mindfulness meditation

There’s no question—social interaction is key when it comes to improving your physical and mental health. It has countless benefits, including lowering blood pressure, obesity and even mortality, which is where programs like Keeping Connected can help.

But in between social interactions, there are other things that seniors can do to help them combat loneliness. Meditating and mindfulness are two of these activities—not only are they free, they’re also accessible to all seniors, regardless of their physical abilities.

What is meditation? A relaxation technique, meditation may involve reciting a mantra (or phrase), closing the eyes, or practicing deep rhythmic breathing. It allows practitioners to focus inwards and calm the mind and body.

What is mindfulness? Mindfulness means fully focusing on the present moment—including your thoughts and emotions. Often called mindfulness mediation, it helps practitioners connect what is going on around them with their emotional reaction to it. Rather than pushing feelings down or away, you focus on them, including those associated with stress, anxiety or loneliness. By fully acknowledging these feelings, you’re able to calm your mind. Essentially, it’s a way of meditating during every waking moment. By not dwelling on the past or focusing on the future, participants are able to be fully aware of the present.

Who can practice mindfulness or meditation? Anyone of any age—from children to seniors—can practice mindfulness or meditation. However, it’s particularly helpful for seniors because unlike other recreational activities, it doesn’t require a particular level of physical ability and can be done from the comfort of home. According to a study published in Geriatric Nursing, meditation can even be taught to seniors with dementia, which can help to reduce the effects of social isolation.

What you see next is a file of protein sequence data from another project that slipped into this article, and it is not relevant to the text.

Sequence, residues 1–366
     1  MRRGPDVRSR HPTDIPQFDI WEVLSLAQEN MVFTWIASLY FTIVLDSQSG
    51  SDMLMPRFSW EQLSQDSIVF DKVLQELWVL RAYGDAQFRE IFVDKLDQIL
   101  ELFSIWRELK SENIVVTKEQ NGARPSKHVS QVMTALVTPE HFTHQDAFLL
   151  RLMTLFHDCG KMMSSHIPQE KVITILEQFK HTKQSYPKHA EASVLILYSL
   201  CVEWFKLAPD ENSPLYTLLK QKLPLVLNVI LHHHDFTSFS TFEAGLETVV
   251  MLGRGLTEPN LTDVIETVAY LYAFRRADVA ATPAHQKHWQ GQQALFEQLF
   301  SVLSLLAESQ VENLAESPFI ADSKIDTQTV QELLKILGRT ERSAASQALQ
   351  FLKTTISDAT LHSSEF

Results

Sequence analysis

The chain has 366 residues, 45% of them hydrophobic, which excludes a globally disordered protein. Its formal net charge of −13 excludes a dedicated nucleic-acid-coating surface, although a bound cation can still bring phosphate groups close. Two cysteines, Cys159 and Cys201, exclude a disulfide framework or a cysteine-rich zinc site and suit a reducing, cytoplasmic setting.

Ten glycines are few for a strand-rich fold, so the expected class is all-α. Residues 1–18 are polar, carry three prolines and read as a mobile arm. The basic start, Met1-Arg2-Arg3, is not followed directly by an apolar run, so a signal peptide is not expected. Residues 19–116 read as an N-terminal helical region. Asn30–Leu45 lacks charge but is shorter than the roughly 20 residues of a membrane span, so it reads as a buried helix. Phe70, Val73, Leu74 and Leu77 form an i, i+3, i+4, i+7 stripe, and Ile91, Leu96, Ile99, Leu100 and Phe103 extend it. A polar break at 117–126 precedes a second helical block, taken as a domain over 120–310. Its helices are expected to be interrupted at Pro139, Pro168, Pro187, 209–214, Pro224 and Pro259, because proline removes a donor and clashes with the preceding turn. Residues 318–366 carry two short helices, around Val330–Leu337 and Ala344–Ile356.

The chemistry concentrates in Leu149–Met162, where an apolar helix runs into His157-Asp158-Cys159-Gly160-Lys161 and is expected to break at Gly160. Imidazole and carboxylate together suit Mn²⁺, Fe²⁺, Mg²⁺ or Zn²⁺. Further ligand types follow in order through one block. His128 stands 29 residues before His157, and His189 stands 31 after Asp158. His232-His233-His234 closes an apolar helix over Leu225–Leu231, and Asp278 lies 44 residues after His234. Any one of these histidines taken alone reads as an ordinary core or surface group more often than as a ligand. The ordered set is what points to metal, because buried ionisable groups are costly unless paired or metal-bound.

How do meditation and mindfulness help seniors battle loneliness? Across 19 different studies, mindfulness has also been proven to reduce the symptoms of anxiety and depression. For older adults, this is particularly beneficial. A 2012 study at the UCLA of 40 seniors found that mindfulness and meditation helped them to tackle loneliness and feel more connected. Those who participated in an eight-week mindfulness meditation program—which included meditating for just 30 minutes each day—had significantly decreased rates of self-reported loneliness.

What are the other benefits?

  • Better sleep: Researchers from the University of South California have determined that mindfulness meditation can help seniors get a better night’s sleep and reduce daytime fatigue. In their study of nearly 50 older adults with sleep problems, it only took six weeks of practicing mindfulness before they started sleeping better, making it far more powerful than just learning good sleep habits.
  • Protects the brain from memory loss: Meditation reduces the effects of undue anxiety, stress and loneliness on the brain. For this reason, research indicates that meditation and breathing exercises may even slow the effects of Alzheimer’s. 
  • Better overall physical health: According to a study published in the Journal of Personal and Social Psychology, elderly practitioners of meditation may have improved longevity. 

Mindfulness mediation is an easy and accessible activity that anyone may undertake to improve his or her physical and mental well being.